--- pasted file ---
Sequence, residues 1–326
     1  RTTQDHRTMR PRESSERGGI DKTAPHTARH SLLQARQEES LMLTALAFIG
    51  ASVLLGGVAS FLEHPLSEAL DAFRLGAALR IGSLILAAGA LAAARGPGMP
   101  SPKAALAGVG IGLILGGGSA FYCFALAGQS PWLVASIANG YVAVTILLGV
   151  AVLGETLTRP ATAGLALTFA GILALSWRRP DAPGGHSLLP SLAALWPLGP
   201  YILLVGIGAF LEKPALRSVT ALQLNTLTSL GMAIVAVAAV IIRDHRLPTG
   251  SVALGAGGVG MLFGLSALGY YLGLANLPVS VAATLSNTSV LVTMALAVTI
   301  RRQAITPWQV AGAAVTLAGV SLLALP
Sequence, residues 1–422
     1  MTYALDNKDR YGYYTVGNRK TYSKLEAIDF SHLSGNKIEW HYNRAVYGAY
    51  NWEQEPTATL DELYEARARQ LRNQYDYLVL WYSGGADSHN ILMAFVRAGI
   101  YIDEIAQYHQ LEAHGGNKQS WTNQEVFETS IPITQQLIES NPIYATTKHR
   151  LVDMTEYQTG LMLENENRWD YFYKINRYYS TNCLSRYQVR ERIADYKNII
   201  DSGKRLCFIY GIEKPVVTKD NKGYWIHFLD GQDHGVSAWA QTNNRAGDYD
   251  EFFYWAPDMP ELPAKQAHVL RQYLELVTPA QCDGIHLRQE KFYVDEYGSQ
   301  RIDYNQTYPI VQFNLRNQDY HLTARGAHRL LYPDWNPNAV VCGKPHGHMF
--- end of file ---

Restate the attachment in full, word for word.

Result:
Sequence, residues 1–326
     1  RTTQDHRTMR PRESSERGGI DKTAPHTARH SLLQARQEES LMLTALAFIG
    51  ASVLLGGVAS FLEHPLSEAL DAFRLGAALR IGSLILAAGA LAAARGPGMP
   101  SPKAALAGVG IGLILGGGSA FYCFALAGQS PWLVASIANG YVAVTILLGV
   151  AVLGETLTRP ATAGLALTFA GILALSWRRP DAPGGHSLLP SLAALWPLGP
   201  YILLVGIGAF LEKPALRSVT ALQLNTLTSL GMAIVAVAAV IIRDHRLPTG
   251  SVALGAGGVG MLFGLSALGY YLGLANLPVS VAATLSNTSV LVTMALAVTI
   301  RRQAITPWQV AGAAVTLAGV SLLALP
Sequence, residues 1–422
     1  MTYALDNKDR YGYYTVGNRK TYSKLEAIDF SHLSGNKIEW HYNRAVYGAY
    51  NWEQEPTATL DELYEARARQ LRNQYDYLVL WYSGGADSHN ILMAFVRAGI
   101  YIDEIAQYHQ LEAHGGNKQS WTNQEVFETS IPITQQLIES NPIYATTKHR
   151  LVDMTEYQTG LMLENENRWD YFYKINRYYS TNCLSRYQVR ERIADYKNII
   201  DSGKRLCFIY GIEKPVVTKD NKGYWIHFLD GQDHGVSAWA QTNNRAGDYD
   251  EFFYWAPDMP ELPAKQAHVL RQYLELVTPA QCDGIHLRQE KFYVDEYGSQ
   301  RIDYNQTYPI VQFNLRNQDY HLTARGAHRL LYPDWNPNAV VCGKPHGHMF